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How was 'Boss Baby' conceived?
No Caption - photo by David Clyde
THE MOVIE THEATER Do you remember how the last few weeks of grade school before summer break would drag on forever? After watching Dreamworks newest release Boss Baby, the summer movie season cannot come soon enough.

"Boss Baby" tells the story of a 7-year-old only child named Tim Templeton played by Miles Christopher Bakshi as he struggles to come to terms with the fact he is no longer the only child of his family and now has to share attention with a new baby brother, voiced by Alec Baldwin. Arriving by taxi cab in a business suit and briefcase, it is clear the new baby brother isnt all that he appears to be.

I wont ruin the plot because it is kind of interesting the way it unfolds, but it is safe to say the two brothers have to figure out how to work together to get what they both ultimately want.

Boss Baby is one of those films that just seems like a way to plug a hole in a studio's yearly lineup not bad enough to send straight to video, but not good enough to release any other time of year.

This movie wasnt horrible but was far from great. Here is why:

The good

Funny in a few places

There were several times throughout the film I laughed hard enough I could hear myself (or as the kids call it I LOLd.) The humor in the film did surprise me at times with some out-of-the-blue funny moments, and a little potty humor mixed in. The children in the theater thought this was funny too by their reactions.

Creative Plot

I kind of assumed the overall story would be a little more generic than it was. The plot delivered an interesting twist that tied Boss Baby and Tims fates together and forced them to become allies. With Steve Buscemi voicing the role of the villain, the plot moves along in an entertaining way.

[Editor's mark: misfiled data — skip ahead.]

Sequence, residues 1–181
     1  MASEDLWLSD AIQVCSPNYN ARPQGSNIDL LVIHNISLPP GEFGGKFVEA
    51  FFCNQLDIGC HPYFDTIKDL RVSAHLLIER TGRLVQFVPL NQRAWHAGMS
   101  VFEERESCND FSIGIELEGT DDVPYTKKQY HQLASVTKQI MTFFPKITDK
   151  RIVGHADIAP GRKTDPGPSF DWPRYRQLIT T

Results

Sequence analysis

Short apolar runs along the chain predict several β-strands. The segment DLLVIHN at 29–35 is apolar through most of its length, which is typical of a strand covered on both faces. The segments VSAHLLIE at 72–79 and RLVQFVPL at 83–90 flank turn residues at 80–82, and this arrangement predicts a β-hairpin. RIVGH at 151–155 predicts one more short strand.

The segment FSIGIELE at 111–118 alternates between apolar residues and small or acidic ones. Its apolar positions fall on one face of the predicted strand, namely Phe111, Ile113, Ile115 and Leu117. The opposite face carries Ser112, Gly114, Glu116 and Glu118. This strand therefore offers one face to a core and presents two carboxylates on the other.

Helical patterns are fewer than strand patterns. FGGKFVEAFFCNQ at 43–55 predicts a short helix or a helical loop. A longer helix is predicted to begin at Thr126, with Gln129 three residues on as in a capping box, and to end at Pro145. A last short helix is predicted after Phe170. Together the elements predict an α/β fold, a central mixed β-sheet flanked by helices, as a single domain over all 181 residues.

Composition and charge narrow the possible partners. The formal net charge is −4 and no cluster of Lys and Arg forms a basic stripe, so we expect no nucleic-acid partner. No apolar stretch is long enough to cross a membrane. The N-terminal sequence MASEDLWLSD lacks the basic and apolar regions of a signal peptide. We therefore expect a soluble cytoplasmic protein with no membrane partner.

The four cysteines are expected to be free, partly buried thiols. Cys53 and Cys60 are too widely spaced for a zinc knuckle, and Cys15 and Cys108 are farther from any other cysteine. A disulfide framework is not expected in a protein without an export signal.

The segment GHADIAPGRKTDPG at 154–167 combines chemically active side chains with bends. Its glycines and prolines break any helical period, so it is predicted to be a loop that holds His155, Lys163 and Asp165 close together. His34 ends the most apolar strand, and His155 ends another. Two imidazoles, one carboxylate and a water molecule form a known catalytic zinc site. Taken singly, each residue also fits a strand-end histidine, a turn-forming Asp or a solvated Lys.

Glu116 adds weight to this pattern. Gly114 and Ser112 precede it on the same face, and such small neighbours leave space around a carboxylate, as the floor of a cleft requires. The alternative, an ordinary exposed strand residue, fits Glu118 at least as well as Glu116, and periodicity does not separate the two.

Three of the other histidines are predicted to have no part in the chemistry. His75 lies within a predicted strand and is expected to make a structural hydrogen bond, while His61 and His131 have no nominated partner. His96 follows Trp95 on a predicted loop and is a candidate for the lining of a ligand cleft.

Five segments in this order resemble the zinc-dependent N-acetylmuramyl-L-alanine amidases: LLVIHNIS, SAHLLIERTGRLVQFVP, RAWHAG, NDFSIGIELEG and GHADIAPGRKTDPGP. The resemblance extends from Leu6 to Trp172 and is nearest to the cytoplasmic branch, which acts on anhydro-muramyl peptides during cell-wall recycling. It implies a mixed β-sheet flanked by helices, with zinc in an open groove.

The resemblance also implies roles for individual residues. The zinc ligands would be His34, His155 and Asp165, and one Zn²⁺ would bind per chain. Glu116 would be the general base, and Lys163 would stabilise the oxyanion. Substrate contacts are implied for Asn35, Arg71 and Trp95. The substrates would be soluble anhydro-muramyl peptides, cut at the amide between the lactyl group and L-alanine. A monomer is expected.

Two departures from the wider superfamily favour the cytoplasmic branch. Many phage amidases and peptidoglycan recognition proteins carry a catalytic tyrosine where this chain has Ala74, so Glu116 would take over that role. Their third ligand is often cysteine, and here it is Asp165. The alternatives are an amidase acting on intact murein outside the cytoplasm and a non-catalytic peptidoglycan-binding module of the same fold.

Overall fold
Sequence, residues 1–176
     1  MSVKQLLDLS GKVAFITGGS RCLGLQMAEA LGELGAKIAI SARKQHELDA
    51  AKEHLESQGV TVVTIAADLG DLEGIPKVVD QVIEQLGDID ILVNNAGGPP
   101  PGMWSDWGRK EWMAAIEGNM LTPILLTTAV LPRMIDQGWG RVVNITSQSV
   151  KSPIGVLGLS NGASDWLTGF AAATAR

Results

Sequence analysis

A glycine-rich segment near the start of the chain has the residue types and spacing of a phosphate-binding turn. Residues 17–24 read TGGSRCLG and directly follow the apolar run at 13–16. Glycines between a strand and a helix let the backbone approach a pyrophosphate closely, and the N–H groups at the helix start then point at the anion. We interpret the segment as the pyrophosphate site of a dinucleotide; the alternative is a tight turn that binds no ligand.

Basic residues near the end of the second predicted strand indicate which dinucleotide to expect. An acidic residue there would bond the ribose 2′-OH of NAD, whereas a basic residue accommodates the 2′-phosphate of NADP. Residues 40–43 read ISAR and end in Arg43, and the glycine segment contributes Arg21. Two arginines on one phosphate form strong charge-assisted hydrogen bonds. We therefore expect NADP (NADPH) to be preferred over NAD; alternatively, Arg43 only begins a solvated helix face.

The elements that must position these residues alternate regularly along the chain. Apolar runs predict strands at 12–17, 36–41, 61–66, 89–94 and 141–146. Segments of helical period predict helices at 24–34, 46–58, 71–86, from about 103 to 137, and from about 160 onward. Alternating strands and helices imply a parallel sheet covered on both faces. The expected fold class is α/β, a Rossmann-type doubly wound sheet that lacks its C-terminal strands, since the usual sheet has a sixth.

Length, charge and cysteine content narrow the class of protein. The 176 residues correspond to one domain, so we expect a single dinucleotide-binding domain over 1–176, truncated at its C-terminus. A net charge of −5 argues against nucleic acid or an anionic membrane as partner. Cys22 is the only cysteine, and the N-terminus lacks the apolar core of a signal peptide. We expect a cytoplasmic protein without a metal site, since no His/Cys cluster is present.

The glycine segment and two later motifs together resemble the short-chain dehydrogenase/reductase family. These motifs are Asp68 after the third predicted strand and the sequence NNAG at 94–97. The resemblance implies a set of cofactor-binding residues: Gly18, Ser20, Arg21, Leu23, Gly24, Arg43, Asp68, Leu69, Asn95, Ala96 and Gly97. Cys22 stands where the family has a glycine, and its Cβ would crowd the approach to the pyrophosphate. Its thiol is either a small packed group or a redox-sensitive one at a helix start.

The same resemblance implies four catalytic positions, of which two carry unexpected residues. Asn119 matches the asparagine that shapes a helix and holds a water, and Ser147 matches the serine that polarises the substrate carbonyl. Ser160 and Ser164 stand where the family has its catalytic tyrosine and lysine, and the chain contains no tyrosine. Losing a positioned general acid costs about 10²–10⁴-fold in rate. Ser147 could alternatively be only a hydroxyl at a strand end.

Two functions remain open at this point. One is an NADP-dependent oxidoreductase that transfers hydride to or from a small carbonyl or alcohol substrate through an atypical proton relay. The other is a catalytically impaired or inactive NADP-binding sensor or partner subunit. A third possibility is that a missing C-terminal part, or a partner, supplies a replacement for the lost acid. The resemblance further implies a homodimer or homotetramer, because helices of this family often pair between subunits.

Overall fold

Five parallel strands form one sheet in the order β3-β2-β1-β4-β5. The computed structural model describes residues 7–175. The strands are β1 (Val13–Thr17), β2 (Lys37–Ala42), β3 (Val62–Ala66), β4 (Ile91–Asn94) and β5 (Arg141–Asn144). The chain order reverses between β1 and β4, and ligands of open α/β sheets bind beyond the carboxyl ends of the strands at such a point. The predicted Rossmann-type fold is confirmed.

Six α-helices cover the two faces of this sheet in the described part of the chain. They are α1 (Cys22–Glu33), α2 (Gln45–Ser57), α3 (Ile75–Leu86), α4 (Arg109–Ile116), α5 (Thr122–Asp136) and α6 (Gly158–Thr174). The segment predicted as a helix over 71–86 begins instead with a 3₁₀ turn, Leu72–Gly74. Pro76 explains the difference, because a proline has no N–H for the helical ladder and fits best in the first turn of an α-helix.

Alec Baldwin

Alec nails the role of the fast-talking business baby, making a lot of otherwise weak scenes enjoyable because of his delivery. However, there is only so much that can be done with a script or character that isnt already written into the part. Baldwin earned his paycheck on this one.

The bad

Two competing story lines

It is difficult to tell what this movie was really about beneath its surface, as the underlying story of this film is never made clear. Is this a story designed to help children come to emotional terms with accepting a new sibling into the home or is it a film about ruthless corporate ladder climbing? I cant think of many things that have less to do with each other.

The problem is that there is never a clear connection between the two and you are left wondering how on earth did these two things make it into the same movie for children?


I guess its no surprise that there is not a lot of new ground to be broken in animated baby movies anymore, but this didn't stop Dreamworks from trying.

Boss Baby is loosely based on a picture book entitled Bossier Baby written by Marla Frazee. I think trying to make a full-length feature film loosely based on a picture book is like trying to make a movie loosely based on a nautically themed board game that features an alphanumeric coordinate system. There are a lot of holes to be filled to make this type of film production strategy work.


Even though I have more likes for the film listed than dislikes, they cannot make up for what the movie lacked. I laughed a few times and appreciated some voice acting, but in the end Boss Baby is just another unnecessary animated movie designed to keep movie theaters from going out of business in the offseason.
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